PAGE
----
Opinion: The mirror of consciousness

Sanjana Iyer is a sophomore fashion merchandising major and columnist for the Daily Kent Stater. Contact her at [email protected].

Sanjana Iyer

How many times have we dwelled upon a dream we had the previous night, which seemed so remarkably bizarre, that even hours of pondering would not give us an answer as to what it was trying to tell us?

I recently read an article in scientificamerican.com about our dream states being a peek into consciousness – something most of us are already aware of – and felt inspired to talk about how the operation of consciousness in the dream state can be compared to reality.

Robert Berezin from Psychologytoday.com had a very interesting perspective about this, explaining how consciousness works as a filtering mechanism for how we perceive the world around us.

If you study at the human body, you learn that whatever we consume as nutrition during the day is then filtered and digested by the respective organs during the night. Similarly, all the events and emotions that our consciousness perceives during the day when our mind is awake, are then digested during the night.  This digestive process is what appears to us as our dream state.

Our consciousness is not the same as our mind. Mind is the by-product of consciousness, or the filter through which we perceive things.

Consciousness is the constant “I am” presence we all feel as human beings.

What really occurs when we are asleep, and our consciousness, now withdrawn from the theatre of physical reality, is now active in the theaters of our minds.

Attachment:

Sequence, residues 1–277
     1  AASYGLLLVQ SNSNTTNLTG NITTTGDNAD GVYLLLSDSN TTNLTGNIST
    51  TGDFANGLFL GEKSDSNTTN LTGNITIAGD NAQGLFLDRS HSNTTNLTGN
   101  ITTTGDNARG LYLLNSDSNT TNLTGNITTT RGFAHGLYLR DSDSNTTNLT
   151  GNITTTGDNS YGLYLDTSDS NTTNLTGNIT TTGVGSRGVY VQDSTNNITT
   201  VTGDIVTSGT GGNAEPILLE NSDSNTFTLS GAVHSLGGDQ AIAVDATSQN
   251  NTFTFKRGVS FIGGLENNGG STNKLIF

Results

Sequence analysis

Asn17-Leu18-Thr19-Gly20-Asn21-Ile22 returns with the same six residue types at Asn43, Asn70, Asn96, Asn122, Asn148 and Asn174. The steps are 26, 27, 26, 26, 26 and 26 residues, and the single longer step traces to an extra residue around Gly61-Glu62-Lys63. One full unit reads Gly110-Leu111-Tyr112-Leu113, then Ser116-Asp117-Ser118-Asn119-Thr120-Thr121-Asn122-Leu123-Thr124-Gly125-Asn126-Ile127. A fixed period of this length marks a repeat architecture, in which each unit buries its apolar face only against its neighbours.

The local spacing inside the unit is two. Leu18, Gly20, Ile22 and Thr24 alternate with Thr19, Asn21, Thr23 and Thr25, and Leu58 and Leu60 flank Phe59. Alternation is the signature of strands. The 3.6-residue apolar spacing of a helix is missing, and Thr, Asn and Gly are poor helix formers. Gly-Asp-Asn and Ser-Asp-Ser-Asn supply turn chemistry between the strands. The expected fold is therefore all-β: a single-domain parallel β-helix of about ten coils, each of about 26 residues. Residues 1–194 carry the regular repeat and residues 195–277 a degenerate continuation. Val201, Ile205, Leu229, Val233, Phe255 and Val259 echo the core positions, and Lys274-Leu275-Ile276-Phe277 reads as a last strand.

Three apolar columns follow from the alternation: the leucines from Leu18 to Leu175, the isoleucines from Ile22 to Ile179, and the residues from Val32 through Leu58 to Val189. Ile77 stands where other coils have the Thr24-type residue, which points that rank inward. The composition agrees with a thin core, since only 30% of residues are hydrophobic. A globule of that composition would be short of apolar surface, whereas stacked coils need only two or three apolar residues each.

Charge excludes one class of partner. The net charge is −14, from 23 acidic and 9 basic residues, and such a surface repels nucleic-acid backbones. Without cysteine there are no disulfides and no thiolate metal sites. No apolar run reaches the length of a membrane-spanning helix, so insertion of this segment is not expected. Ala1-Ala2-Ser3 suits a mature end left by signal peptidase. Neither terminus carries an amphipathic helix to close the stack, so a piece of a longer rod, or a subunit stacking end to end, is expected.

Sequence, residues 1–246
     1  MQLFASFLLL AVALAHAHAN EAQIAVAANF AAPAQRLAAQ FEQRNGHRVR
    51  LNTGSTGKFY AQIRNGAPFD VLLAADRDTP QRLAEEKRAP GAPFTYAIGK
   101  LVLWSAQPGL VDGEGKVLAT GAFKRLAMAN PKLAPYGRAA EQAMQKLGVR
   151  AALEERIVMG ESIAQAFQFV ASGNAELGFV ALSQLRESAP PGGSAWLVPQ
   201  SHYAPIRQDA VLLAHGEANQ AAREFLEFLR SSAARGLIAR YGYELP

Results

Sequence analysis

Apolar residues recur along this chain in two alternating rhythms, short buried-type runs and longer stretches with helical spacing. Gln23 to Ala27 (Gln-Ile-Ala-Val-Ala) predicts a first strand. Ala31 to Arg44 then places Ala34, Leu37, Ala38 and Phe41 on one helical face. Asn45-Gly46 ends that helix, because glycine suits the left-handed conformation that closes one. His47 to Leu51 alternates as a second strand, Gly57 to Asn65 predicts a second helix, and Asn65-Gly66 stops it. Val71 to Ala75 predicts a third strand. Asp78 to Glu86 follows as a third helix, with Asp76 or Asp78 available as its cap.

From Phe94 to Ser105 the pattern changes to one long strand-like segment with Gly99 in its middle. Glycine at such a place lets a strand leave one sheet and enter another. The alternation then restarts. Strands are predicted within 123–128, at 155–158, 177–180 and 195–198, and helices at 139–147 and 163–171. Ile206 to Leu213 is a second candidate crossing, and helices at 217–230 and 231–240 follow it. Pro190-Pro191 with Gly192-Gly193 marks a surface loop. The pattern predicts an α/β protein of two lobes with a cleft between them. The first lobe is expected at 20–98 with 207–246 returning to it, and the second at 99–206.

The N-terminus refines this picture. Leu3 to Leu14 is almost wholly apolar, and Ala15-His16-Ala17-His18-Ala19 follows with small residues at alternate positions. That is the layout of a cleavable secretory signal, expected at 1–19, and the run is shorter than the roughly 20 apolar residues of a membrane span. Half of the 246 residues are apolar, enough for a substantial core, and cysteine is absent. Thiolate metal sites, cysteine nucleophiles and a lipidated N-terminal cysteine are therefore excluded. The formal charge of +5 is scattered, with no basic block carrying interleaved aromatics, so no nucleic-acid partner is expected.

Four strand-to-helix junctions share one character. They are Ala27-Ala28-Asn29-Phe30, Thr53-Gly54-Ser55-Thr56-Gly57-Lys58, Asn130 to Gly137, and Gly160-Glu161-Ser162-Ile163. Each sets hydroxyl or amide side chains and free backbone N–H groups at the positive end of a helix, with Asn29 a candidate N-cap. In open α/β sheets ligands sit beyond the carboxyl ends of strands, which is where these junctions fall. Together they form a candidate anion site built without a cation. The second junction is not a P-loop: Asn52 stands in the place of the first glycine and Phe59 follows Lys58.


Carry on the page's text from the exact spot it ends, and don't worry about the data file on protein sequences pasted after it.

Unlike our waking state, we cannot intentionally write out the script of how the events unfold when we dream. The consciousness writes its own scenes and plays them out for us in our minds.

Some theories have been put forward to suggest that this is the mind’s way of interpreting external stimuli. During this dream state, our consciousness is so untethered to reality that we catch many glimpses of its unadulterated state. In fact, this is the only time when we see our conscious mind for what it is, without willingly altering it.  

Dreams often have a very strong emotional component to them. Normally, it is a single very distinctive emotion that sometimes stays with us much after we wake up. Sometimes we have dreams about our loved ones being harmed, or something not turning out the way we want, and we wake up feeling anxious and worried.

More often than not, we are convinced that these dreams are trying to “tell us something.” Sometimes, we have recurring dreams, in which case we are certain that our subconscious mind is trying to forewarn us or generate prophetic messages. But this is not necessarily the function of a dream in the first place.

The purpose of this subconscious phenomenon is fairly straightforward – it acts as a mirror. Standing outside the mirror is our conscious perception of reality, including its emotional and physical contents. Consciousness is the mirror, and our dreams are the reflection of all that we have really perceived, whether or not we are aware of it.

What this really tells us is that our actual subconscious perception of reality may be entirely different to what we think – and our dream state may be key to that lock.